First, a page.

The world changed so suddenly. And while we still don’t know how long the isolation will last, one thing is obvious: the balance between online and offline events will no longer be as it was. If several years back, the question of whether cultural institutions need social media or not was still open, now they have become a necessity. New platforms and ways of communicating with the audience is something that now even representatives of the most tradition-bound institutions actively discuss. 



“Can’t say that we were ready for a complete shutdown. Most of the materials that we now use online were recorded when the museum had already been closed to the public, but not for the employees. Sure enough, we are currently trying to go online and come up with new entertainment formats, much like other museums. For example, our new project is an online cinema where we stream anthropology documentaries from our archives. What’s more, we launched online tours and lectures by our staff. But this uncovered a series of issues that don’t let us easily switch to being digital," says Tatyana Solovyova, the head of Kunstkamera’s Media Communications Center. 

She adds that many of their staff members are researchers, so the topics of their articles are often too complex to be comprehensible to the general public. So in this time of crisis, many museums would invite science communicators to help them overcome this barrier.

Unfortunately, specialists like that are few, so museums’ staff themselves will have to learn new skills and bridge the gap between scientific texts and what’s interesting to the general public.

Hallwyl Museum in Stockholm

“We’ve started to place more focus on working with podcasts and video content which we did before, but not as purposefully. We have many ideas: we do tours using stories, as well as Skype tours for schools and nursing homes. We understand that they have it hard now, so we feel that it’s our social duty to help each other,” says Vladimir Okhnich, educator at the Hallwyl Museum (Sweden).

YARAT Contemporary Art Space in Baku 


Still, specialists from YARAT Contemporary Art Space (Azerbaijan) believe that despite the benefits of the online format, it still distorts the perception of artworks.

"You exhibit various pieces at a contemporary art museum, from paintings to large-scale multimedia projects, and there’ll be issues associated with them all. Yes, we can exhibit paintings and sculptures on Instagram, but it is the environment, the atmosphere that a person only feels at the museum which is important. The expression might sound outdated, but it’s still true that “objects are to be felt physically, and perceived in combination with the surrounding aura,” says Suad Garayeva-Maleki, the artistic director of YARAT Contemporary Art Space.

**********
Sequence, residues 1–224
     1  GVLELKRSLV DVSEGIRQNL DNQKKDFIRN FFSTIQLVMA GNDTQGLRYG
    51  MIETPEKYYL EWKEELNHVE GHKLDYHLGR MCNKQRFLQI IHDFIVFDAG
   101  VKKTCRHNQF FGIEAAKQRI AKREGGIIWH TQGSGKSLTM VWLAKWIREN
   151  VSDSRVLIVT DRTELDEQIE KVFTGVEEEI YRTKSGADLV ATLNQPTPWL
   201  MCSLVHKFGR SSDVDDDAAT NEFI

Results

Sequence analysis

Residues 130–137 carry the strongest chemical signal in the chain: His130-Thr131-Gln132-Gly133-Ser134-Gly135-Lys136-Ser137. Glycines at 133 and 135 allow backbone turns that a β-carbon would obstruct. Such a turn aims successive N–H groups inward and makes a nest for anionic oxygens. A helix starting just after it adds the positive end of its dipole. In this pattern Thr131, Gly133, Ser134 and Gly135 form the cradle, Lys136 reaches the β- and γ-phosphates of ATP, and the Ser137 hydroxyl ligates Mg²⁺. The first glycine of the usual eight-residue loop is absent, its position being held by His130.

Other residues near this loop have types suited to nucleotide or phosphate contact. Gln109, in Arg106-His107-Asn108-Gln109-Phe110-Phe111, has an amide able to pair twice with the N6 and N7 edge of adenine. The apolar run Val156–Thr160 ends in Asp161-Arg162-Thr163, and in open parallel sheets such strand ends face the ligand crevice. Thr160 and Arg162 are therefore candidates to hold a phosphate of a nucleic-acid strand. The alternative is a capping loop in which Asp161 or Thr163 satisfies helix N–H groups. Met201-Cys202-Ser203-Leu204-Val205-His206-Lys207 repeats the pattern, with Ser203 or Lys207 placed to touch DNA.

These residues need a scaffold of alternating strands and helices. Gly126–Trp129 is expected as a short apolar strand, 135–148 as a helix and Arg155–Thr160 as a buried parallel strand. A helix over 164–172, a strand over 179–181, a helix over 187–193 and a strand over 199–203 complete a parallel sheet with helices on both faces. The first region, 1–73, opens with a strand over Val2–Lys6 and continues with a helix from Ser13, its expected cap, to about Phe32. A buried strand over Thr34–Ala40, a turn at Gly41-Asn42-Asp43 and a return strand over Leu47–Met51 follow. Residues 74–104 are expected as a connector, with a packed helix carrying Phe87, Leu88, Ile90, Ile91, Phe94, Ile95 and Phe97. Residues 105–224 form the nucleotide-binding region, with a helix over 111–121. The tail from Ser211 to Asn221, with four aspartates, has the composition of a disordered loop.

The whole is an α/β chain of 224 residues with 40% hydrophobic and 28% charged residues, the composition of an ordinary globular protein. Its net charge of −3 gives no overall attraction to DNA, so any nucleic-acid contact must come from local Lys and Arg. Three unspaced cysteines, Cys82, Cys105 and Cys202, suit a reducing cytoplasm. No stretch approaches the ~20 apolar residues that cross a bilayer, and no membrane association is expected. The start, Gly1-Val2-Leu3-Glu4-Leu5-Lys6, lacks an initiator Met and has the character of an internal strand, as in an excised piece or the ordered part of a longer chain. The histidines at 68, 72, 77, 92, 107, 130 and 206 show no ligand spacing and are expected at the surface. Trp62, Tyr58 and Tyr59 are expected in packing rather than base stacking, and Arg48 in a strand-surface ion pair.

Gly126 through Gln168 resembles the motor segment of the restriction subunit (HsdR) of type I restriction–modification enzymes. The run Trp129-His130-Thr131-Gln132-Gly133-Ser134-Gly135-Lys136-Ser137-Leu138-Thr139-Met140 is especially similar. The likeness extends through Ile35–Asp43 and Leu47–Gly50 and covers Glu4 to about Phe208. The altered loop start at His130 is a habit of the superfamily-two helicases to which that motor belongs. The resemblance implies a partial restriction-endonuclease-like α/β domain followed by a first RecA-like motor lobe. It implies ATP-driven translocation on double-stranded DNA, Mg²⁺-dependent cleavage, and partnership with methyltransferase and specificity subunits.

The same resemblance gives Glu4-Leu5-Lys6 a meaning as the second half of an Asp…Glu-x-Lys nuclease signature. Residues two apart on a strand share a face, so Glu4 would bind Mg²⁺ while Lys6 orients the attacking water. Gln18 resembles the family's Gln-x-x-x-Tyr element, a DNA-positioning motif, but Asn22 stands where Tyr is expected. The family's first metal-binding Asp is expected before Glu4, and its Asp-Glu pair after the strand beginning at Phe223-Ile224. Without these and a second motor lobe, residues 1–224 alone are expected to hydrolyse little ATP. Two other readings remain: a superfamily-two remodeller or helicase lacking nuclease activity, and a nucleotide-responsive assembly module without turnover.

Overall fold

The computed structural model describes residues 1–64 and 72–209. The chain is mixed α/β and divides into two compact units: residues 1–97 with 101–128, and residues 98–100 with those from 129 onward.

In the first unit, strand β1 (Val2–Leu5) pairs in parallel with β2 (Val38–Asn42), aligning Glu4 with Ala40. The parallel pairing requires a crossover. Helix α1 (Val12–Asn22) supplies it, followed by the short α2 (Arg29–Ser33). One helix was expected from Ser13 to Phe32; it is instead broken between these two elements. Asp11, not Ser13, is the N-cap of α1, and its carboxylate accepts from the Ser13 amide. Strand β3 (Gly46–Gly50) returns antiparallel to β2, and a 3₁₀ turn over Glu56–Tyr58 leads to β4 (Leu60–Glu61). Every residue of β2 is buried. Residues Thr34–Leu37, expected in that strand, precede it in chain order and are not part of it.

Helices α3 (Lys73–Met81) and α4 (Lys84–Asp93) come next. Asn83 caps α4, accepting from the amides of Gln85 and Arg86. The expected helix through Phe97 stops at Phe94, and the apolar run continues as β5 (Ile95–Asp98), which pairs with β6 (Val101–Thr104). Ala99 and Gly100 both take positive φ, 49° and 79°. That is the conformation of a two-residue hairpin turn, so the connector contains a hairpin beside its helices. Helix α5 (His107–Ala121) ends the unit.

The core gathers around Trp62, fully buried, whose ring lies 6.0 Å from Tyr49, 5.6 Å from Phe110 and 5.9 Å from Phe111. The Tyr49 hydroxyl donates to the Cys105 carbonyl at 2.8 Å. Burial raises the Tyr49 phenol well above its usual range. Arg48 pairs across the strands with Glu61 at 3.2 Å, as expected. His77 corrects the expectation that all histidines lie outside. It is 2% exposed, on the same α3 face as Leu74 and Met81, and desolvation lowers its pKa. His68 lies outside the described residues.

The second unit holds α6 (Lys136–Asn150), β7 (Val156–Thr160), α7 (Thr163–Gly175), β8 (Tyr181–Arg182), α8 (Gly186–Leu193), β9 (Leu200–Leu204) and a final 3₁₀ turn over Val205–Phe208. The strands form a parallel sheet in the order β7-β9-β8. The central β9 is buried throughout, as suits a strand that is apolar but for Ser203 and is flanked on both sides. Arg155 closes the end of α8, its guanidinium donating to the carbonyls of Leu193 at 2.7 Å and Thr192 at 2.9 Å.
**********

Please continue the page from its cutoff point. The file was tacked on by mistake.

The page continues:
On the other hand, the isolation and the crisis offer a rare opportunity for VR and video projects to no longer be on the periphery of contemporary art and make their way to its very forefront. They now get the most attention from viewers, galleries, and collectors, she adds.

As for projects and formats that we’ve launched in the recent month, the most important was the open call for artists from all over the world. We want to gather artworks and present an exhibition that has no physical counterpart. We’ve also started to collaborate with a local VR studio in order to develop a full-fledged VR exhibition. I guess the only real benefit from museums going digital is that we now cover a wider audience. If before, only citizens of specific towns could go to specific museums, now people all over the world have this kind of access,” comments  Suad Garayeva-Maleki.

Alexandrinsky Theatre

Credit: social networks
Credit: social networks

Alexander Malich, a TV presenter and the executive producer at the New Stage of the Alexandrinsky Theatre, also spoke about his recent experiences:

“After the introduction of the first isolation measures, we decided to partner ourselves with Tricolor TV, as we wanted to not just stream our performances on the internet, but do it on the highest level. As of now, we are broadcasted to forty million Russian households, as well as in online cinemas and Youtube. Apart from watching the ongoing plays, our audience has the opportunity to watch the recordings of the plays that we no longer show, from our archive. And in a sense, we are lucky to find this new way of communicating with people, and attract new guests. For example, 350 thousand people watched our play “Mauzer”; for comparison, the seating capacity of the New Stage of Alexandrinsky Theatre is about a thousand seats, so we would’ve had to stage it 350 times. Then again, we don’t monetize it now, but in order to keep this format after the isolation, we’ll have to introduce this measure,” commented Alexander Malich.